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Jamie Dimon says income inequality is a 'huge problem' but don't 'vilify people'

Max Zahn

JPMorgan Chase CEO Jamie Dimon told “60 Minutes” on Sunday that income inequality is a “huge problem” but evaded a question about his $31 million salary and warned that his high-profile critics “shouldn’t vilify people who worked hard.”

“The notion that I'm not a patriot or that some of these other folks aren't, that's just dead wrong,” he said, in response to a question from host Lesley Stahl about criticism leveled by Massachusetts Senator Elizabeth Warren and New York Congresswoman Alexandria Ocasio-Cortez.

“I think you should vilify Nazis, but you shouldn't vilify people who worked hard to accomplish things,” added Dimon, whose net worth is $1.6 billion.

Asked about his 2018 salary in the tens of millions, Dimon says, “The board sets mine. I have nothing to do with it.”

Jamie Dimon, chairman & CEO of JP Morgan Chase & Co., speaks during the Bloomberg Global Business Forum in New York City, New York, U.S., September 25, 2019. REUTERS/Shannon Stapleton
Jamie Dimon, chairman & CEO of JP Morgan Chase & Co., speaks during the Bloomberg Global Business Forum in New York City, New York, U.S., September 25, 2019. REUTERS/Shannon Stapleton

‘More widely shared prosperity’

An ongoing, public dispute about wealth inequality between Warren, a presidential candidate, and a number of billionaires has thrust Dimon’s comments into the center of a roiling political debate.

Last Wednesday, Bill Gates told The New York Times that he’d be willing to pay more in taxes but joked he would get wary if asked to pay $100 billion and questioned how “open-minded” Warren is. After a cordial Twitter exchange between Gates and Warren, she released an online calculator that shows how much billionaires would pay in taxes under her plan.

In 2015, Dimon acknowledged the significance of wealth inequality but questioned whether the quality of life for everyday Americans had declined because of it.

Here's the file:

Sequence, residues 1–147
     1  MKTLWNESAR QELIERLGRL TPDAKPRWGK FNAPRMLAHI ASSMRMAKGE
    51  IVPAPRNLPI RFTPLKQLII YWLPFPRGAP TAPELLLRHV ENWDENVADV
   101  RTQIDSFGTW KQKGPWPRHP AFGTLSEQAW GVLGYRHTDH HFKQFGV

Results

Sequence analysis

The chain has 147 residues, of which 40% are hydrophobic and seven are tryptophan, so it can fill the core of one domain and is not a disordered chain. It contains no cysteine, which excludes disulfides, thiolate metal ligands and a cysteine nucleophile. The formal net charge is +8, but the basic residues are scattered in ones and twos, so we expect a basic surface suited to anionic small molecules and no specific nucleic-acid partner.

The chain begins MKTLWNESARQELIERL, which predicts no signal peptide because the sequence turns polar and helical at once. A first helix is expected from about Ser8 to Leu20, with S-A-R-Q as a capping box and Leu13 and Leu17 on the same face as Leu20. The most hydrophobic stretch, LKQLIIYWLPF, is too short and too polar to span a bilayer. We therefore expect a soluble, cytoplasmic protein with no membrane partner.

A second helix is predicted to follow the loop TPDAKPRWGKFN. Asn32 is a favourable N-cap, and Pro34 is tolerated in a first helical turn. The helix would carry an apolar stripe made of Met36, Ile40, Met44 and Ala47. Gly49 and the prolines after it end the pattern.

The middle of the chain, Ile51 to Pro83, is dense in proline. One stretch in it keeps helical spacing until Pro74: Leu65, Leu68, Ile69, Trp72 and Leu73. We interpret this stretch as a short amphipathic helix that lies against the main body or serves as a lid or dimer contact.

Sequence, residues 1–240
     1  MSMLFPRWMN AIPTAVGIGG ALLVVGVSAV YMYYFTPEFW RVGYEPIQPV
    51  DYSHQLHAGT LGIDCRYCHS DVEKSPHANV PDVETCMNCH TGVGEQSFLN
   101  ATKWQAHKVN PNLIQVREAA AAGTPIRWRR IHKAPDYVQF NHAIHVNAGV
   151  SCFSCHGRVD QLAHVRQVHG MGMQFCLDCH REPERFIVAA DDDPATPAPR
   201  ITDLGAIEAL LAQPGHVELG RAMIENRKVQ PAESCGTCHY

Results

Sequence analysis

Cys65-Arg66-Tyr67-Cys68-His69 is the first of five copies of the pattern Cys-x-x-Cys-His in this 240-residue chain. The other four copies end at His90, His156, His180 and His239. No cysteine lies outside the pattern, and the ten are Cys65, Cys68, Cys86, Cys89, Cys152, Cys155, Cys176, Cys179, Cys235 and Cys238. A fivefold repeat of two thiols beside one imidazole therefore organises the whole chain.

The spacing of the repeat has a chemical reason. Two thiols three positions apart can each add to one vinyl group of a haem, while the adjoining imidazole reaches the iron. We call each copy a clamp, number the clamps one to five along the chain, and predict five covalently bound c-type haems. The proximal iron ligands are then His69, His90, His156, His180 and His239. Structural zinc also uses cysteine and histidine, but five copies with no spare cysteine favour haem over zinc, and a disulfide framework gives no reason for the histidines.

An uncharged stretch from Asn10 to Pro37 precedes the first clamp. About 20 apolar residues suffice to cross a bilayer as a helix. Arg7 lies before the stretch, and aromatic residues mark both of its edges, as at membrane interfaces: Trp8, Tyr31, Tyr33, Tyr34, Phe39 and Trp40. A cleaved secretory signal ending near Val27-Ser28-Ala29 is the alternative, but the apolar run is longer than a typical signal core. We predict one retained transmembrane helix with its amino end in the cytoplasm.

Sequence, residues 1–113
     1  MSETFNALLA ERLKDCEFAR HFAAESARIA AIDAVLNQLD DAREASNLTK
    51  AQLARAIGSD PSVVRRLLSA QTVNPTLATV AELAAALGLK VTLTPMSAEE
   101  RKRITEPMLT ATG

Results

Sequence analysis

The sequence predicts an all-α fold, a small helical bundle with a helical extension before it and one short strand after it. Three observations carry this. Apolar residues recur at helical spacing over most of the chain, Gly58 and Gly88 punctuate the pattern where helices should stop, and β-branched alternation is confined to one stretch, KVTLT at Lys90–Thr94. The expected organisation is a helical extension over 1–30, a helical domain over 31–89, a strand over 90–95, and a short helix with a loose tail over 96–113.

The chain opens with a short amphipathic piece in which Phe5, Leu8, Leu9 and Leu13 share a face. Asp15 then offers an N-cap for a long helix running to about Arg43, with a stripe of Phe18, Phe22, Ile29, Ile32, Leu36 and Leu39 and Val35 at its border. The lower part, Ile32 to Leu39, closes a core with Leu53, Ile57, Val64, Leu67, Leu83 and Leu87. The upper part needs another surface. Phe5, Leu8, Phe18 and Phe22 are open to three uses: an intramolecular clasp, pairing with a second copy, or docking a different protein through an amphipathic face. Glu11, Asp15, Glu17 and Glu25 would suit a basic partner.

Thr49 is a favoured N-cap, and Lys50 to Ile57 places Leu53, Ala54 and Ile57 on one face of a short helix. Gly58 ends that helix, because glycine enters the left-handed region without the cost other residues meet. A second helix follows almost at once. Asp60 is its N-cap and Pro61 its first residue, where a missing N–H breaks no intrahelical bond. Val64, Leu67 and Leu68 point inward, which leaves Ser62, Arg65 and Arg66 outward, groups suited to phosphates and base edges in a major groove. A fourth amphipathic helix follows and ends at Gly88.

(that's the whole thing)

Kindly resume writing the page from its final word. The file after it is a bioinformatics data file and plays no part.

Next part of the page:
“It’s not right to say we’re worse off,” Dimon said, according to Bloomberg. “If you go back 20 years ago, cars were worse, health was worse, you didn’t live as long, the air was worse. People didn’t have iPhones.”

Dimon wrote an op-ed in The New York Times the following year that heralded the bank’s pay and investment initiatives as efforts to “advance economic opportunity and create more widely shared prosperity.”

‘Just because it resonates, doesn’t make it right’

In June, Yahoo Finance Editor-in-Chief Andy Serwer asked Dimon about the economic message of progressive candidates like Warren, Ocasio-Cortez, and Vermont Senator Bernie Sanders.

“Just because it resonates, doesn’t make it right,” Dimon said.

At a hearing on Capitol Hill in April, Ocasio-Cortez sat alongside lawmakers who targeted the tens of millions in compensation received by top bank executives, including Dimon. The ratio between CEO pay and entry-level wages at JPMorgan Chase stands at 381:1, ranking it second highest among the large banks, after Citigroup.

As in the interview with “60 Minutes,” Dimon did not acknowledge any merit in the criticism of his compensation.

Juxtaposition of CEO and entry-level pay is “comparing apples and oranges,” Dimon said, calling the calculation “a complete waste of time.”

“People don't think clearly about stuff like that,” he added. “We treat our people well, we educate our people, we give them a huge opportunity — and that's what we should do.”

The minimum starting wage at JPMorgan Chase is $16.50 per hour, though it can start at $18 for workers in high-cost regions.

On Sunday, Dimon acknowledged to “60 Minutes” that JPMorgan Chase played a role in the housing crisis that led to the Great Recession, after Stahl asked whether the bank sold “toxic mortgages.” But he said many other institutions were to blame, including mortgage brokers and government bodies.

“If you're the average American, you would be angry at what happened,” Dimon says. “There was no Old Testament justice. Too many people — a lot of people — lost their reputation and money, but too many people didn't and you know, the small guy got hurt.”

Max Zahn is a reporter for Yahoo Finance. Find him on twitter @MaxZahn_.

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